Zeynep Tufekci’s Facebook solution — can it work?

Here is her NYT piece, I’ll go through her four main solutions, breaking up, paragraph by paragraph, what is one unified discussion:

What would a genuine legislative remedy look like? First, personalized data collection would be allowed only through opt-in mechanisms that were clear, concise and transparent. There would be no more endless pages of legalese that nobody reads or can easily understand. The same would be true of any individualized targeting of users by companies or political campaigns — it should be clear, transparent and truly consensual.

Who can be against “clear, transparent and truly consensual?”  But this reminds me of those conservatives who wish regulations would be shorter, simpler, easier to write — it’s not always that easy and wishing don’t make it so.  (Try sitting down with someone in the immediate process of writing such a rule.)  That said, let’s think about what maybe will happen.  How about the United States adopting some version of the forthcoming EU GDPR?  That might in fact be an OK outcome (NYT).  But will that be clear and transparent?  Is any EU regulation clear and transparent?  Can anyone tell me, sitting in their seats right now, if it will outlaw the blockchain or not?  Whether it outlaws the blockchain or not, could either of those outcomes be called “consensual”?  I don’t think Tufekci has given an actual proposal yet.

Second, people would have access, if requested, to all the data a company has collected on them — including all forms of computational inference (how the company uses your data to make guesses about your tastes and preferences, your personal and medical history, your political allegiances and so forth).

This is not feasible, as computational inference is usually not transparent and often is understood by nobody.  But even the simpler stuff — what exactly is the call here?  That Facebook has to send you a big zip file?  Is the goal to inform people in some meaningful way?  Or simply to deter Facebook from having the information in the first place?  If it’s the latter, let’s have a more explicit argument that people would prefer a Facebook they have to pay for.  Personally, I don’t think they would prefer that and already have shown as such.

Third, the use of any data collected would be limited to specifically enumerated purposes, for a designed period of time — and then would expire. The current model of harvesting all data, with virtually no limit on how it is used and for how long, must stop.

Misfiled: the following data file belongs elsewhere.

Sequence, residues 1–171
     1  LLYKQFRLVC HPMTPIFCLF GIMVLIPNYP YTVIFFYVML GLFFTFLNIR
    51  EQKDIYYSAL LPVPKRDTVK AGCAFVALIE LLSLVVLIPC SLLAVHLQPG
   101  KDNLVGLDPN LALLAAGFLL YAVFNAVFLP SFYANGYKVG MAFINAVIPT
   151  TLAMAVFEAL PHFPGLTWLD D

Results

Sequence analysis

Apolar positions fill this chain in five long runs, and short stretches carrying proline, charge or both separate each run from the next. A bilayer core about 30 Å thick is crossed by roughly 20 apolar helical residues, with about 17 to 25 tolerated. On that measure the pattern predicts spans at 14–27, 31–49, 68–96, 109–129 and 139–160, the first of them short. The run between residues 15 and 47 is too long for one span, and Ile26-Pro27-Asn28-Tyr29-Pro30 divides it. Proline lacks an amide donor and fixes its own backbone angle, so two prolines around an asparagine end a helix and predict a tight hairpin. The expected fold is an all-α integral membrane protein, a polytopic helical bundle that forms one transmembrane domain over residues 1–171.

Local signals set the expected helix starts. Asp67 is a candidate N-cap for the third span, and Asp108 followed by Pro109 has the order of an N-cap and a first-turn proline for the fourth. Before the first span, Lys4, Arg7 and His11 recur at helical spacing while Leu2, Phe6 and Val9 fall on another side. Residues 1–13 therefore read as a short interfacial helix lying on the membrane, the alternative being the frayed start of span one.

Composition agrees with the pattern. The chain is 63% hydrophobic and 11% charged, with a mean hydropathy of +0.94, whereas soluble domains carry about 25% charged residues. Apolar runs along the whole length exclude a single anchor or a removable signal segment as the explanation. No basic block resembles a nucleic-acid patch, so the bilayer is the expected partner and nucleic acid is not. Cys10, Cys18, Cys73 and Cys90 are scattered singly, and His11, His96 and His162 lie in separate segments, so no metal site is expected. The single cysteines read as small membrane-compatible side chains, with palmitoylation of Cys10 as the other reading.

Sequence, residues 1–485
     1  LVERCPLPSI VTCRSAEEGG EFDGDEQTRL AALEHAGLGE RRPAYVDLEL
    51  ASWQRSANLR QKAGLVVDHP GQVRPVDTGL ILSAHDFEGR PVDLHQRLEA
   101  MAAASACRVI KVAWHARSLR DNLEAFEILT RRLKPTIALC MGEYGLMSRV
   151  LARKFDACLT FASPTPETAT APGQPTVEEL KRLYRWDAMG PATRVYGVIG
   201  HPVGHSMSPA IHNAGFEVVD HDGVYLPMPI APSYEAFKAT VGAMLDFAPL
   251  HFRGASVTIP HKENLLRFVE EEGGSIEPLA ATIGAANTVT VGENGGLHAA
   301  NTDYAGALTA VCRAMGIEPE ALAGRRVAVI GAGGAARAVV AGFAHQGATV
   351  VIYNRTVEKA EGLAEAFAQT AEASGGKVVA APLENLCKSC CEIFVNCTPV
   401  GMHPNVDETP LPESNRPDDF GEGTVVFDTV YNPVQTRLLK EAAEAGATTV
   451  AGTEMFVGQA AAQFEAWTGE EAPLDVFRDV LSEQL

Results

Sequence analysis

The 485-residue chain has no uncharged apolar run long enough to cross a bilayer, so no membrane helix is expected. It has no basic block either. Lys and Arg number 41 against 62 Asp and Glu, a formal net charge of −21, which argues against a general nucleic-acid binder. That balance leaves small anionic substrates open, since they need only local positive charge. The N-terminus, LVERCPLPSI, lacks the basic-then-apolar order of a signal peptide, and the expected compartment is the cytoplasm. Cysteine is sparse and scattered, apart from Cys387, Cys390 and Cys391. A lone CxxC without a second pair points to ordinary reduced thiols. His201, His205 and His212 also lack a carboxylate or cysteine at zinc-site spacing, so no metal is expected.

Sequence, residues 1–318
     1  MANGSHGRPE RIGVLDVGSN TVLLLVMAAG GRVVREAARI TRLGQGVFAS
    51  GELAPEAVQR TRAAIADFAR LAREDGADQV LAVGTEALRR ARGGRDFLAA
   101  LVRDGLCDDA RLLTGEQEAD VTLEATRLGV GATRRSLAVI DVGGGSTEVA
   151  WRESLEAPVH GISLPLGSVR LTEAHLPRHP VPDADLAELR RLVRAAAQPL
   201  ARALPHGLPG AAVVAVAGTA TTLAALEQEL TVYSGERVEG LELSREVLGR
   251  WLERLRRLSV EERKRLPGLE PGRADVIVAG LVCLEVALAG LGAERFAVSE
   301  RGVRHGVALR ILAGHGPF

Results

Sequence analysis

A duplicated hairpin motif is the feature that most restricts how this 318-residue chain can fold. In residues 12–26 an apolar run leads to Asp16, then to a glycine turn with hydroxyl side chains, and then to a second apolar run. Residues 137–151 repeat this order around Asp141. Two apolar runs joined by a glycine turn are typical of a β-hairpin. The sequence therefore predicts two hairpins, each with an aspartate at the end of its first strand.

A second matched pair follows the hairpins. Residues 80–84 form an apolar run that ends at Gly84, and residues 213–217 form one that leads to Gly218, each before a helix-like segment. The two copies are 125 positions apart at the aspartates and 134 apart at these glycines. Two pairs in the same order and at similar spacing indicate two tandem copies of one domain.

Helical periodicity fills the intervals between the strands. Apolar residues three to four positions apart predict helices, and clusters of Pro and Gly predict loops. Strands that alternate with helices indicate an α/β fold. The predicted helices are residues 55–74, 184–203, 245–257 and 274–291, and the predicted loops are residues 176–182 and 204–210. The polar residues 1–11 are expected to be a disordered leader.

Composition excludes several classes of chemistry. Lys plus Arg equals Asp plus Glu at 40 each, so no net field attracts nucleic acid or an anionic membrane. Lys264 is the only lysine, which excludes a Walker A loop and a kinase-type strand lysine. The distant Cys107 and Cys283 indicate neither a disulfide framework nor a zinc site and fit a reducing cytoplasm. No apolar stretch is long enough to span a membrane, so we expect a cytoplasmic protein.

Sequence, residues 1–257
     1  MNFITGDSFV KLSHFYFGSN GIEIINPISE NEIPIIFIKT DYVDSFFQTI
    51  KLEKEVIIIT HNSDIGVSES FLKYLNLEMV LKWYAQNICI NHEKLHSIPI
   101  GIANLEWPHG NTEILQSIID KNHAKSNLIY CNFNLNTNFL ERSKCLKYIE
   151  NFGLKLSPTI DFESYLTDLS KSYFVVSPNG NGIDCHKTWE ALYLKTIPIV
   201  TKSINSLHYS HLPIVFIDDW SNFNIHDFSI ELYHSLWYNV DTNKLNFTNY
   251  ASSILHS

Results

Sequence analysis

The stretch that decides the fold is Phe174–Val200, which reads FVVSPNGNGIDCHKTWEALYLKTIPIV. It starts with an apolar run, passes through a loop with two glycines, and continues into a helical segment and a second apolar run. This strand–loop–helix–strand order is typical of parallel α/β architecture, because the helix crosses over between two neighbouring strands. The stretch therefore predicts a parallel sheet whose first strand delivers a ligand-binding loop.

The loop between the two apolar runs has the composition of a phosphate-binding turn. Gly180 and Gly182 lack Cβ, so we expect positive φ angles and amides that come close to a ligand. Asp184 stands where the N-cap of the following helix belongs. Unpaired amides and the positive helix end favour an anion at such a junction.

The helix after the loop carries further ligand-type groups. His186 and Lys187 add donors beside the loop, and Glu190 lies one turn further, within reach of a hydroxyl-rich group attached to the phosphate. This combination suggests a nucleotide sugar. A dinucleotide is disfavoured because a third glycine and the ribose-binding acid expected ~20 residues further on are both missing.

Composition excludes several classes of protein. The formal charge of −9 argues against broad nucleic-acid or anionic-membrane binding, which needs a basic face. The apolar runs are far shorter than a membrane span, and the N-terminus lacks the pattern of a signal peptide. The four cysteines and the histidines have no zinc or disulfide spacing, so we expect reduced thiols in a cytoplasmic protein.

“Must”?  Not “should”?  That is a classic example of trying to establish a conclusion simply by word usage.  In this context, what does “enumerated” mean?  Are we back to GDPR?  Or they send you an email with a long list of what is going on?  Or that information sits behind a home page somewhere?  (So much for simple and transparent.)  You have to opt in to each and every use of the data?  So far it sounds like more bureaucracy and less transparency, and in fact this kind of demand is precisely the origin of those lengthy “opt in” statements that no one reads or understands.

Fourth, the aggregate use of data should be regulated. Merely saying that individuals own their data isn’t enough: Companies can and will persuade people to part with their data in ways that may seem to make sense at the individual level but that work at the aggregate level to create public harms. For example, collecting health information from individuals in return for a small compensation might seem beneficial to both parties — but a company that holds health information on a billion people can end up posing a threat to individuals in ways they could not have foreseen.

Maybe, but there is no example given of harm other than an unspecified speculation.  It also seems to be saying I don’t have a First Amendment right to write personal information into a text box.  And who here is to do the regulating?  Government is one of the biggest violators of our privacy, and also a driving force behind electronic medical records, another massive medical privacy violator (for better or worse), most of all after they are hacked and those who have sought mental illness treatment have their identities put on Wikileaks.  The governmental system of identity and privacy is based around the absurdity of using Social Security numbers.  Government software is generations behind the cutting edge and OPM was hacked very badly, not to mention Snowden made away with all that information.  And government is to be the new privacy guardian?  This needs way, way more of an argument.

I do understand that the author had only a limited word count.  But googling “Zeynep Tufekci Facebook”  does not obviously bring us to a source where these proposals are laid out in more detail, nor is there any link in the on-line version of the article to anyone else’s proposal, much less hers.  So I say this piece is overly confident and under-argued.